- Sebnem Kalemli-Ozcan, 2006.
"AIDS, "Reversal" of the Demographic Transition and Economic Development: Evidence from Africa,"
NBER Working Papers
12181, National Bureau of Economic Research, Inc.
- Sebnem Kalemli-Ozcan, 2012. "AIDS, “reversal” of the demographic transition and economic development: evidence from Africa," Journal of Population Economics, Springer, vol. 25(3), pages 871-897, July.
- Clive Bell & Shantayanan Devarajan & Hans Gersbach, 2003. "The long-run economic costs of AIDS : theory and an application to South Africa," Policy Research Working Paper Series 3152, The World Bank.
- Schultz, T. Paul & Tansel, Aysit, 1997.
"Wage and labor supply effects of illness in Cote d'Ivoire and Ghana: instrumental variable estimates for days disabled,"
Journal of Development Economics,
Elsevier, vol. 53(2), pages 251-286, August.
- Schultz, T-P, 1996. "Wage and Labor Supply effects of Illness in Cote d'Ivoire and Ghana : Instrumental Variable Estimates for Days Disabled," Papers 757, Yale - Economic Growth Center.
- Oded_Galor, 2004.
"From Stagnation to Growth:Unified Growth Theory,"
2004-15, Brown University, Department of Economics.
- David N. Weil & Oded Galor, 2000. "Population, Technology, and Growth: From Malthusian Stagnation to the Demographic Transition and Beyond," American Economic Review, American Economic Association, vol. 90(4), pages 806-828, September.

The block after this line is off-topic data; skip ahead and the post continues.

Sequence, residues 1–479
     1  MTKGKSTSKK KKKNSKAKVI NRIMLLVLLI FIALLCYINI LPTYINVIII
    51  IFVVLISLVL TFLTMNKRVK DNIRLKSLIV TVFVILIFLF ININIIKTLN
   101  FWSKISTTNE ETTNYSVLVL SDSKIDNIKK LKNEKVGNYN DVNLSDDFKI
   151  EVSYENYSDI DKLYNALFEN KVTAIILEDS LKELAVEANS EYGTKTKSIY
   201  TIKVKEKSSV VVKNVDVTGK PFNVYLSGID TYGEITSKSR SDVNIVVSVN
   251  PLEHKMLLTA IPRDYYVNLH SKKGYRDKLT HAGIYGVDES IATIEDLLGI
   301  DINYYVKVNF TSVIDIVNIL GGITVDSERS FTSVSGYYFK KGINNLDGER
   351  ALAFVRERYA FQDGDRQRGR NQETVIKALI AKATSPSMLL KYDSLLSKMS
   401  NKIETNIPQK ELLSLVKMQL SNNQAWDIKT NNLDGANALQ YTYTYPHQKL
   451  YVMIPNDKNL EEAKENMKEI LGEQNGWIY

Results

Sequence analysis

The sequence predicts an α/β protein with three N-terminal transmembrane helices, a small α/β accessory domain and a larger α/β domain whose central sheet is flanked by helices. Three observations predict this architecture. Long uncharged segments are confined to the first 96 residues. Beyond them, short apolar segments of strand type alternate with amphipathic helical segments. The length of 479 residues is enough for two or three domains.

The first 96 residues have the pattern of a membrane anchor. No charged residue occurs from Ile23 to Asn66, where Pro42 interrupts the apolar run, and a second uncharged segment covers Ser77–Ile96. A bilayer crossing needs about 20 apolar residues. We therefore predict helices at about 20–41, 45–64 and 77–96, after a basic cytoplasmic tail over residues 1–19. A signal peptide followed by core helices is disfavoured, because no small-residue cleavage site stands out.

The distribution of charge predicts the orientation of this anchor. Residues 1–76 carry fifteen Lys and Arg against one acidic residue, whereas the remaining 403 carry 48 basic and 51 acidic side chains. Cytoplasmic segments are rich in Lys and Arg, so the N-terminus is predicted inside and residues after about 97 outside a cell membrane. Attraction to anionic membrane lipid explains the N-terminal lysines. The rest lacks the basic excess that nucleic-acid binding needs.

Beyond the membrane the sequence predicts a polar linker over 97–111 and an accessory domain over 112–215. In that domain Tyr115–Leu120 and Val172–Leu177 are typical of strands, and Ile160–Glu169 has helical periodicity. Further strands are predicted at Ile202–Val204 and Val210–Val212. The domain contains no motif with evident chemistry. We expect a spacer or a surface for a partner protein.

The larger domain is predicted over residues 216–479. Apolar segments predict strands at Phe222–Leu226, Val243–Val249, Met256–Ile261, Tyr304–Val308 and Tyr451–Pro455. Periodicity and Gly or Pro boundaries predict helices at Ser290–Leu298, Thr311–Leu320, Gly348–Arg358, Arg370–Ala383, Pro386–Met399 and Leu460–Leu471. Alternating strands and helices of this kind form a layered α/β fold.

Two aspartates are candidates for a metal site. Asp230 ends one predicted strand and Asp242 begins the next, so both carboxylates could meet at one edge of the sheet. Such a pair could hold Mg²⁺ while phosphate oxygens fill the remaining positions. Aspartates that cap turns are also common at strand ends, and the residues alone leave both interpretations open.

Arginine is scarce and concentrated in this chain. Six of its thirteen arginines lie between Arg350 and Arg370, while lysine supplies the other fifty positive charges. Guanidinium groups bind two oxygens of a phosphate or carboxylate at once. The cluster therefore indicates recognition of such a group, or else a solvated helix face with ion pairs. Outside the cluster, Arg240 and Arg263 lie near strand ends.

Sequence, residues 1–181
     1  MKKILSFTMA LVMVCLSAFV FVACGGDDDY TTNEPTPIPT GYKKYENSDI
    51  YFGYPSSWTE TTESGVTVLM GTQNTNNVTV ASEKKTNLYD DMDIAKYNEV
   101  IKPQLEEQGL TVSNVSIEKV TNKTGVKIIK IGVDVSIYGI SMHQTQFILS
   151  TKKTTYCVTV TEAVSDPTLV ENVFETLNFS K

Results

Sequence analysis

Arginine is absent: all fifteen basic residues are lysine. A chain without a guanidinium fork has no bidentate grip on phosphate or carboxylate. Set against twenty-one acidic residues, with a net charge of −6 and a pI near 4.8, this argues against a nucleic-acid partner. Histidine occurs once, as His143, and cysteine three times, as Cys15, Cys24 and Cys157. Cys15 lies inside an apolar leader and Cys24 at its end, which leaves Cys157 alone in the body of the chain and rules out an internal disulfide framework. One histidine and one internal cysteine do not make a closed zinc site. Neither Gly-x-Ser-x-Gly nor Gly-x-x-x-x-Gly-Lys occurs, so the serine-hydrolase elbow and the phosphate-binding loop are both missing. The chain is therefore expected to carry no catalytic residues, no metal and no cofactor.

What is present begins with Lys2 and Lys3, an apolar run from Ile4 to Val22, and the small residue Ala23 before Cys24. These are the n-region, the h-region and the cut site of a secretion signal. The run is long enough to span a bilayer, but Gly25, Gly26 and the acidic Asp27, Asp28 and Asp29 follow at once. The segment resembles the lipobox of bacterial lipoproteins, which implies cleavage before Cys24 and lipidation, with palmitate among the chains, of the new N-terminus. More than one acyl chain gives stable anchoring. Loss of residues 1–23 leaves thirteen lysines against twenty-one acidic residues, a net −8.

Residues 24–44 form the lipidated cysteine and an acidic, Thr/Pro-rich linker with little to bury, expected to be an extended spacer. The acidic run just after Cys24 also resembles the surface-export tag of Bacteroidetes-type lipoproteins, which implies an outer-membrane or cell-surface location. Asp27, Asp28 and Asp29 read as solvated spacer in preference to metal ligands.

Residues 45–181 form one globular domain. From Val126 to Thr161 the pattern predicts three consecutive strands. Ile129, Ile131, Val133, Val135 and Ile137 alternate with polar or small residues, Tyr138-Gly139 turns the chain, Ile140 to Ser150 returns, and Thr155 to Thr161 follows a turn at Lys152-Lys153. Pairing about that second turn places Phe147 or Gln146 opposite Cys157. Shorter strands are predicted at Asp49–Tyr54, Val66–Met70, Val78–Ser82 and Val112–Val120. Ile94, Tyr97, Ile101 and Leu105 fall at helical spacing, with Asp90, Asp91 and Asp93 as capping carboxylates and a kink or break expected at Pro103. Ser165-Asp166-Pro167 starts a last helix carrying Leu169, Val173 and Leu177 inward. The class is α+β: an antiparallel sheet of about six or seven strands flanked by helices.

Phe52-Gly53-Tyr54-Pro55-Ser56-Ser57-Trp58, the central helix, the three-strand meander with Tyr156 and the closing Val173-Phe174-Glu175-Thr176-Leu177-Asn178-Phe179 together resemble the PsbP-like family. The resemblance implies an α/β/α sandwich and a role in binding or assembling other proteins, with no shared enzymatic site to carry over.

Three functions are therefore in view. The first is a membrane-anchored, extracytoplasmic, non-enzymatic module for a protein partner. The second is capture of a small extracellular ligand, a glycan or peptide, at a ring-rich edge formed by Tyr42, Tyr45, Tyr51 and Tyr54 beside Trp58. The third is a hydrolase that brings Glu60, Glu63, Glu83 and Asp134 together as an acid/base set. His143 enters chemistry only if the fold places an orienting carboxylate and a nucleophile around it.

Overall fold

- Easterlin, Richard A., 1999. "How beneficent is the market? A look at the modern history of mortality," European Review of Economic History, Cambridge University Press, vol. 3(03), pages 257-294, December.
- Jere R. Behrman & Mark R. Rosenzweig, 2004. "Returns to Birthweight," The Review of Economics and Statistics, MIT Press, vol. 86(2), pages 586-601, May.
- Kelley, Allen C, 1988. "Economic Consequences of Population Change in the Third World," Journal of Economic Literature, American Economic Association, vol. 26(4), pages 1685-1728, December.
- Anderson, T. W. & Hsiao, Cheng, 1982. "Formulation and estimation of dynamic models using panel data," Journal of Econometrics, Elsevier, vol. 18(1), pages 47-82, January.
Blog mentionsAs found by EconAcademics.org, the blog aggregator for Economics research:CitEc Project, subscribe to its RSS feed for this item.
This item has more than 25 citations. To prevent cluttering this page, these citations are listed on a separate page. reading lists or Wikipedia pages:Access and download statistics
For technical questions regarding this item, or to correct its authors, title, abstract, bibliographic or download information, contact: (Journals Division).
If you have authored this item and are not yet registered with RePEc, we encourage you to do it here. This allows to link your profile to this item. It also allows you to accept potential citations to this item that we are uncertain about.
If references are entirely missing, you can add them using this form.
If the full references list an item that is present in RePEc, but the system did not link to it, you can help with this form.
If you know of missing items citing this one, you can help us creating those links by adding the relevant references in the same way as above, for each refering item. If you are a registered author of this item, you may also want to check the "citations" tab in your profile, as there may be some citations waiting for confirmation.
Please note that corrections may take a couple of weeks to filter through the various RePEc services.